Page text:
I designed and built a solar hot water controler back in the early 80's. It is also of analog design and built and tested to UL standards. I built a total of 50 units, all of which are still operating (to my knowledge) to this day. No one has complained. Several of them, including mine, had to have the wires to the panel sensor replaced due to UV damage. The pump is controlled using a TRIAC in place of a relay. Troubleshooting and replacing defective components is easy on the double-sided board, and parts are still available to this day.
I had a simular experiance with my solar pool heater. The controler stopped working, I removed the controller from the circuit and found the power relay tha operated the water valve was defective. I went on line to find the part. The venders had a $50 mimium order so it was prohibitively expensive so I bought a new control;ler for $100. Problem solved!
Reminds me when I had a VW Diesel Rabbit. The car ran well, but one time a water leak got in the glow plug time delay relay. It failed and I had to lift the hood and apply a jumper between the battery and the glow plug bus for 30 seconds or so to get the car started. I checked the VW dealer and a new plug in relay was $35 a lot in 1985. So I took the old relay apart, and replaced the comparator ICs, which cost less than $1 each, but with shipping ended up costing $4. It was good for the rest of the car's life.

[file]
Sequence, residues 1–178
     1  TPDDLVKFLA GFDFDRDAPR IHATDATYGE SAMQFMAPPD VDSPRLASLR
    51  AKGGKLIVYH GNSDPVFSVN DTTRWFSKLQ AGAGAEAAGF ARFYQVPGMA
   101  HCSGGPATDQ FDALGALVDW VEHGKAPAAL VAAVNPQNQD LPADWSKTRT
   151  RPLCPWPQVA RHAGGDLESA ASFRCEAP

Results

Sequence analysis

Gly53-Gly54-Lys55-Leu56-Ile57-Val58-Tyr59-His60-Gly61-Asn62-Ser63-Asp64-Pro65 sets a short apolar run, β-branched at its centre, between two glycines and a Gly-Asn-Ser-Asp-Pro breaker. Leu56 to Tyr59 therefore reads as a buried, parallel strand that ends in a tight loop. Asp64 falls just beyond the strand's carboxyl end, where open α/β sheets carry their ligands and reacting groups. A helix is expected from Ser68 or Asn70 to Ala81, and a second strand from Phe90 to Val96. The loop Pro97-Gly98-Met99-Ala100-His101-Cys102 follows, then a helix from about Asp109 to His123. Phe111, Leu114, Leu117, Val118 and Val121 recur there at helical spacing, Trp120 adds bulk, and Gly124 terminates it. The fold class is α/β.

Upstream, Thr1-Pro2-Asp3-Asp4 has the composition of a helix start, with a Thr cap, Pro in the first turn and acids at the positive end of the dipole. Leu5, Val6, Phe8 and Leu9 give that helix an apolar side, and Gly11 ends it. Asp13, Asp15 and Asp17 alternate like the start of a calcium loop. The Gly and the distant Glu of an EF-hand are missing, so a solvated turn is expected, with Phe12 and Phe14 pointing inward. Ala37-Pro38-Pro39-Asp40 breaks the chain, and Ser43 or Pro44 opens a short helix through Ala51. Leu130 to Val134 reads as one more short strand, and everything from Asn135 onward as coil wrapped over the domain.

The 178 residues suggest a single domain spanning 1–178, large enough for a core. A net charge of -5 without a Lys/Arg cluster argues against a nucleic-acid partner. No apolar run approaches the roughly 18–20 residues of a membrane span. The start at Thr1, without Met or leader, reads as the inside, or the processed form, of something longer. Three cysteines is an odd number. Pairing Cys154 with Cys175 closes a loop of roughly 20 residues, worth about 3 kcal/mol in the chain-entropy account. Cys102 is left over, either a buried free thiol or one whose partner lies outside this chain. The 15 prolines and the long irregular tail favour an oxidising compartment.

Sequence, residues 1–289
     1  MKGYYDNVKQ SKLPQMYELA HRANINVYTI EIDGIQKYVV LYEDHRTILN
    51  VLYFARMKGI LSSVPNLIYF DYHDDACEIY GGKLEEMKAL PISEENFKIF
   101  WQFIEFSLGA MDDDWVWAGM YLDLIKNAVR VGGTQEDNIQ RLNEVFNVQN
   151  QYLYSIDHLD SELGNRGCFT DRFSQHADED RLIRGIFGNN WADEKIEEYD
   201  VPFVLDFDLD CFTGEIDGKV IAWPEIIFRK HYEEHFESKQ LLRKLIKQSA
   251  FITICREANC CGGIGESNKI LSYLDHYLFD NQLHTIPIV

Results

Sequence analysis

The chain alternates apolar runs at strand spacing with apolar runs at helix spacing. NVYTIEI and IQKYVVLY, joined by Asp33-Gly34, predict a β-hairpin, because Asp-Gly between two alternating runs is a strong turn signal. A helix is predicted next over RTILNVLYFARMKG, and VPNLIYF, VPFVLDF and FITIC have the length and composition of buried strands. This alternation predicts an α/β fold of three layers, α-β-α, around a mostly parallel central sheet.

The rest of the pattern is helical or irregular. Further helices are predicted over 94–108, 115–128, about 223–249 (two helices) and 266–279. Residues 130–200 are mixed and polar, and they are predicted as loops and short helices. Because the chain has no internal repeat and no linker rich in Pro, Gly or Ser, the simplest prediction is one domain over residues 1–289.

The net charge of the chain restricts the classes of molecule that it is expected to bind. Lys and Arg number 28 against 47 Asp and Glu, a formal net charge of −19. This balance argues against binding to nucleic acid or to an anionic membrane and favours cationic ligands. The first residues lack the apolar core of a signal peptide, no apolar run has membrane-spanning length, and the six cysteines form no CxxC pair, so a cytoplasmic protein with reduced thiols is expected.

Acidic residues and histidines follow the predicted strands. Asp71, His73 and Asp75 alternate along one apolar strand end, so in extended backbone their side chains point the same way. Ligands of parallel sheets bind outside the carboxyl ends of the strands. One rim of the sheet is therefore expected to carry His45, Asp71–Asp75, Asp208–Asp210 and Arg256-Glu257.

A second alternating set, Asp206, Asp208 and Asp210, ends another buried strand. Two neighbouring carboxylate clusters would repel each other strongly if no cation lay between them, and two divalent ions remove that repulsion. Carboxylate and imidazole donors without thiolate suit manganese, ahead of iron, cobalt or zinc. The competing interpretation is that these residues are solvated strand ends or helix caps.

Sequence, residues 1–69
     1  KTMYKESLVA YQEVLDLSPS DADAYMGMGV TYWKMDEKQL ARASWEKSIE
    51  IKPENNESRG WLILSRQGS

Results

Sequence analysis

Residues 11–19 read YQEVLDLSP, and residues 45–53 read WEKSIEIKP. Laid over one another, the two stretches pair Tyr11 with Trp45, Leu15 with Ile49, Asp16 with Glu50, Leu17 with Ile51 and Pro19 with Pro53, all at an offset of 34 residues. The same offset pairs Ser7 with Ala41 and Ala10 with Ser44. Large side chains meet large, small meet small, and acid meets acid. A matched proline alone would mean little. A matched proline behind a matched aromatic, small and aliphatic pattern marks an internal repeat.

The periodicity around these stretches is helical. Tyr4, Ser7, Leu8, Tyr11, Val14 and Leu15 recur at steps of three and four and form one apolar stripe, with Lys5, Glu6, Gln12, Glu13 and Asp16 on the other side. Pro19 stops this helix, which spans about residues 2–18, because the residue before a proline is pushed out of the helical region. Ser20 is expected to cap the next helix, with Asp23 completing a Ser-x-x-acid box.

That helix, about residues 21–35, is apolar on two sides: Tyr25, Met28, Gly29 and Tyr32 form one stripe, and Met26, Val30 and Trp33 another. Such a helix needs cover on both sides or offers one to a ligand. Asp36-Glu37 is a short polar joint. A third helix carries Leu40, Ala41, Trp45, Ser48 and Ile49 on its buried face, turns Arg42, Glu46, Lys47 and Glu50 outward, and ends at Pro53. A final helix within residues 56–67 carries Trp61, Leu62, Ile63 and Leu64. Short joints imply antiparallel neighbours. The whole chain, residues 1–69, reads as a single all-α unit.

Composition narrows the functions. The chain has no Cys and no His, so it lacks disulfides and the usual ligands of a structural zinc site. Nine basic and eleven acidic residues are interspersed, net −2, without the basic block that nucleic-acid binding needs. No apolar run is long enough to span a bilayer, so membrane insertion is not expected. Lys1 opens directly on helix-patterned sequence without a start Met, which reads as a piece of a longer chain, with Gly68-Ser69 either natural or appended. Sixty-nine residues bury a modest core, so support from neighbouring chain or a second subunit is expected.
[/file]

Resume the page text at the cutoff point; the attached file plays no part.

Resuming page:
I'm watching my favorite program and there is a knock on the door. My neighour needs leads for his multimeter. I lend him the whole Harbour Freight special with clamp on ammeter with a breif explaination.
Then I think, he knows enought to to pull the plug, right. He is trouble shooting his electric dryer. I had to check. Yes, he knows. We looked a lot of the part. The schematic used non standard symbols but we figure out what was what.
I mensioned that what works is as important was what does not work. It does not do any thing. Oh, yes the door light comes on and the clock works runs. I showed him how to jumper around components. I explained the schematic some what. With a half hour we found the thermal limit component that we jumped allowing the other phase to power the motor.
He went on line and found the component. He phone a friend in the business who had the part. He replace the part and had the dryer running about an hour and half after I started.
He thinks I should go into the business. I think it could never pay enought fixing things rather than Oh its broke and cant be repaired I'll sell you a new one. Just too honest. An not worth my time. But it was fun.
I forgot to mention the Mitsubishi ECM (car engine control module "computer") which needed four inexpensive capacitors and some jumper wired where PCB traces had been eaten through by poorly-selected capacitor adhesive. That baby would have cost $700, had I not been able to install about $4.75 worth of capacitors.
And the dishwasher control which was over $12, but not available, fixed with a couple of "bullet" connectors costing pennies.